Provide socially safe and satisfying places outdoors, especially for urban and minority adults and children
Spend time and effort listening to the particular concerns that may be present in specific locations and among specific groups. For example, Americans were generally dissatisfied with parks and open spaces that had traffic, speeding vehicles, dangerous people, and noise. Other concerns included the lack of opportunities to explore and to find peacefulness.
Work to lower the perceived costs of participation in recreational activities
Many presume high-quality nature experiences have to take place in remote, hard-to-reach places. Activities that take place more locally, such as taking a walk outdoors or watching or feeding birds and other wildlife did not evoke the same perceptions of inaccessibility. They prompt more interest from an array of adults.
Promote experiences in nature that match Americans’ multidimensional values of nature
Experiences and programs that teach only formal knowledge about the natural world speak to only one way Americans interact with and enjoy nature. Experiences and programs can provide opportunities for affection, for intellectual and spiritual development, for responding to the power of the natural world, and more.
Broaden programming to include a range of outcomes
Programs can help participants to achieve a variety of outcomes beyond acquiring knowledge. These could include feeling peaceful, linking groups together, recalling memories, and passing on skills to others.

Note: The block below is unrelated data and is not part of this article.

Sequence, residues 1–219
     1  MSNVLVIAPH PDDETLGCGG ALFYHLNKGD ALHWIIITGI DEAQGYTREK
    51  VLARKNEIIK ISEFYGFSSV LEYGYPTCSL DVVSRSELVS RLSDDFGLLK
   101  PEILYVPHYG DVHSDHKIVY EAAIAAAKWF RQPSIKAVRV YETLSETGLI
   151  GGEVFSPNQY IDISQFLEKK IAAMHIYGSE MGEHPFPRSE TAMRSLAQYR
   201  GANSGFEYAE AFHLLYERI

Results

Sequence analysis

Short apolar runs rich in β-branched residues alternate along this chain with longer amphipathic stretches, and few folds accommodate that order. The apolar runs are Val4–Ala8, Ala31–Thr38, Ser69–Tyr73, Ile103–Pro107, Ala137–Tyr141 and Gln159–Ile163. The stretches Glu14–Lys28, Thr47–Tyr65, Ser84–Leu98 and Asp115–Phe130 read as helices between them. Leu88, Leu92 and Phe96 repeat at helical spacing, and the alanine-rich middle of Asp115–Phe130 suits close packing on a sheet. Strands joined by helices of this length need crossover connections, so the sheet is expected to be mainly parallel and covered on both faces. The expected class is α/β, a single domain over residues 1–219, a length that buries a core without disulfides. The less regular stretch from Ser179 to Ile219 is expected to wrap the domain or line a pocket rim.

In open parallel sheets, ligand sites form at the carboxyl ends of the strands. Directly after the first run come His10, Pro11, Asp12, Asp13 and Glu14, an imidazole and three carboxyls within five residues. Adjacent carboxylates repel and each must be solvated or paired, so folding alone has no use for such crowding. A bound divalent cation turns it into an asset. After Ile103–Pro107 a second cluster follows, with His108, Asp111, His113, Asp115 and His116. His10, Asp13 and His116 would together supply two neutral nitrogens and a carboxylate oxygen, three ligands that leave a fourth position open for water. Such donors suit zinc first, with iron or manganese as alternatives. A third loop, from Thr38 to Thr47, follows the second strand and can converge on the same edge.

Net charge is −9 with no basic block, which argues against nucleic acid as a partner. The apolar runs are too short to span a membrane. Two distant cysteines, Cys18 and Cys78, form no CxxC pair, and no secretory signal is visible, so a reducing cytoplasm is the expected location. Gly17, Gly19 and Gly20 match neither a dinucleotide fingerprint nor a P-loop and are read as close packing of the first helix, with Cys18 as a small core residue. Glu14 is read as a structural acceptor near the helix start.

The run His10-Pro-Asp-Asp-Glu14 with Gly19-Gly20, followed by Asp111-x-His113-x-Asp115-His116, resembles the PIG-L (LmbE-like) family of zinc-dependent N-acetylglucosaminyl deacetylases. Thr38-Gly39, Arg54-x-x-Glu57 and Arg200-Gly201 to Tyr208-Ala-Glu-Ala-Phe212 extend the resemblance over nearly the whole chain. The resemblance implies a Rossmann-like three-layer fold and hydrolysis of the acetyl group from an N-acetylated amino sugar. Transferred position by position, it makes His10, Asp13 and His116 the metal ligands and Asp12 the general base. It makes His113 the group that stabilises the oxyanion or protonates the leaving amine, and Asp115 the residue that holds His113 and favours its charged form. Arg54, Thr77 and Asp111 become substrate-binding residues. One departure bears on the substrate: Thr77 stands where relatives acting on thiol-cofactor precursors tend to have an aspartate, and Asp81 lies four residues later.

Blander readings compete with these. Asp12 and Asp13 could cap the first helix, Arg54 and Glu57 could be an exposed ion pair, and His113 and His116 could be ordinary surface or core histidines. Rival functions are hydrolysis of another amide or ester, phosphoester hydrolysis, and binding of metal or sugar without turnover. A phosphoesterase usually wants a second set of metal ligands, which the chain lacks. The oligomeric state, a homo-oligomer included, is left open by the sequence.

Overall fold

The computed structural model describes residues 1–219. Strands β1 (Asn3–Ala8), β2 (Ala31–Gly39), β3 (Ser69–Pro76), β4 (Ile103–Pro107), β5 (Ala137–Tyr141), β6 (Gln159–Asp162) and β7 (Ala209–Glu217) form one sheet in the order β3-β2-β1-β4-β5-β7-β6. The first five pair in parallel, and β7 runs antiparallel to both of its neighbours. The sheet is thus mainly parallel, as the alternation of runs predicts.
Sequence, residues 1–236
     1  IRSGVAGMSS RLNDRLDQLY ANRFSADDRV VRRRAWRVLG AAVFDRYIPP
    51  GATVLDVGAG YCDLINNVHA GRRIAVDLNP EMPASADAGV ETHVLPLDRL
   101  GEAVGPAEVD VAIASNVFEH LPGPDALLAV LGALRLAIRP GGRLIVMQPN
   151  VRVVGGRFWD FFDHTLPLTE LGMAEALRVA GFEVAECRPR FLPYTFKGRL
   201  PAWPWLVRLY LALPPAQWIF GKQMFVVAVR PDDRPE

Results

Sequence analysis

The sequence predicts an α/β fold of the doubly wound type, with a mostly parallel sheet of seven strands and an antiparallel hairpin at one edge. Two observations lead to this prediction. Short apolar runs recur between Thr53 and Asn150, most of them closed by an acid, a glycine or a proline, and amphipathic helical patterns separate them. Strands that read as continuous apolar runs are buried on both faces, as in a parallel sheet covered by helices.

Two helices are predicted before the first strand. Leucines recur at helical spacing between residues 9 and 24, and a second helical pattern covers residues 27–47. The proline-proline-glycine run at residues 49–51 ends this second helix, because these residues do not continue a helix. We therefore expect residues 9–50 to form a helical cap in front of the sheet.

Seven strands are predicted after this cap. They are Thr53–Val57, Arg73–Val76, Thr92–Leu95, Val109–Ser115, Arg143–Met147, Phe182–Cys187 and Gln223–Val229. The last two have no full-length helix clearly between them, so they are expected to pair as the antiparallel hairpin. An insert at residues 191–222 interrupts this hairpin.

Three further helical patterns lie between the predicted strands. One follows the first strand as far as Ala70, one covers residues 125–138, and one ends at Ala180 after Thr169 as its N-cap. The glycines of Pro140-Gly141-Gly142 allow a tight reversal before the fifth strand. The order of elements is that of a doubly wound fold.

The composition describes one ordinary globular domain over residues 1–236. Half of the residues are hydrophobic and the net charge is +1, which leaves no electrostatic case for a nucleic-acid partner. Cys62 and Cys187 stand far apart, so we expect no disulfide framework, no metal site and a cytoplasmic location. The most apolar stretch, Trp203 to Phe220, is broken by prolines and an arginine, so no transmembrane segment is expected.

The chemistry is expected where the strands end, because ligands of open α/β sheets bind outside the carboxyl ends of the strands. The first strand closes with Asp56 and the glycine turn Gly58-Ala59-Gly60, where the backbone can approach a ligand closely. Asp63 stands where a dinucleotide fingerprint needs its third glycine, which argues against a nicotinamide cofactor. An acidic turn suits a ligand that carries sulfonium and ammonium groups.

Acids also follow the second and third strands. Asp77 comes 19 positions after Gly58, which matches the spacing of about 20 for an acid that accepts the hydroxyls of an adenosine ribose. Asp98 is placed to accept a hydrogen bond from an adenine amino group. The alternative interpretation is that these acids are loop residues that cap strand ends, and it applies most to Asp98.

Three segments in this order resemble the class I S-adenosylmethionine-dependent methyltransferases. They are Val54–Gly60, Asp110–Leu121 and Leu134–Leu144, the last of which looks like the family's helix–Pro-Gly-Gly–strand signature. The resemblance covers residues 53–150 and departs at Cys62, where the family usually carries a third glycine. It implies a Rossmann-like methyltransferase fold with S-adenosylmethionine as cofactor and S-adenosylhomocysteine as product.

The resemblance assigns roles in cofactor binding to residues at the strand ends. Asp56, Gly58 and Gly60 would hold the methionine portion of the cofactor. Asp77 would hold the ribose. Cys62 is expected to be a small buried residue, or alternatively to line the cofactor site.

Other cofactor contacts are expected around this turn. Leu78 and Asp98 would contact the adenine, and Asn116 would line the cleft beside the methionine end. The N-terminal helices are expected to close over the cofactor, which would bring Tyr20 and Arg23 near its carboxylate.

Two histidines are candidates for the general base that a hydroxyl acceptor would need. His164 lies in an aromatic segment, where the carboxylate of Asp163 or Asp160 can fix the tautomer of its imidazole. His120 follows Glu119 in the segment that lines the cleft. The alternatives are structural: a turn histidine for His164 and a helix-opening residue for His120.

For adults, promote conservation efforts as a way to improve their overall community and quality of life
Many Americans link their satisfaction with their community with their perception of the state of the environment around them.
Set clear goals and objectives
Members of various sectors should clearly define what exactly they are trying to do, affect, or accomplish, and how they anticipate their efforts will influence that particular outcome.
Question “one-size-fits-all” and “silver-bullet” diagnoses and prognoses
Connection to nature often looks and operates profoundly differently across places and groups. Achieving particular outcomes requires understanding what works and why.
Be explicit about common assumptions, and consider revising them
Assumptions abound about who members of the public are and how they think, feel, and act. Many of these assumptions are wrong, unhelpful, or applicable only in certain situations.
Use differences across age and stages of life to tailor programs and policies
Different ages and stages in life profoundly affect Americans' interests, values, and behaviors. Programs and policies should respond to these differences appropriately.
Clearly state, trace, test, and analyze causal pathways
Carefully verify why and how particular programs or strategies were successful. Robust, nuanced social science research and evaluation is a crucial component of any effort to connect Americans and nature.
Join parents, children, and adults alike in recognizing that expenditures on children’s engagement with nature are fundamentally important investments
Parents, children, and adults already recognize the importance of contact with nature. Policies, strategies, and legislation should match what the American public values.
Build partnerships among professionals in healthcare, education, urban planning, conservation, community development, and other sectors
The barriers to connecting Americans and nature are massive. Overcoming them requires deepening existing partnerships and forging new ones across a variety of sectors, fields, and organizations.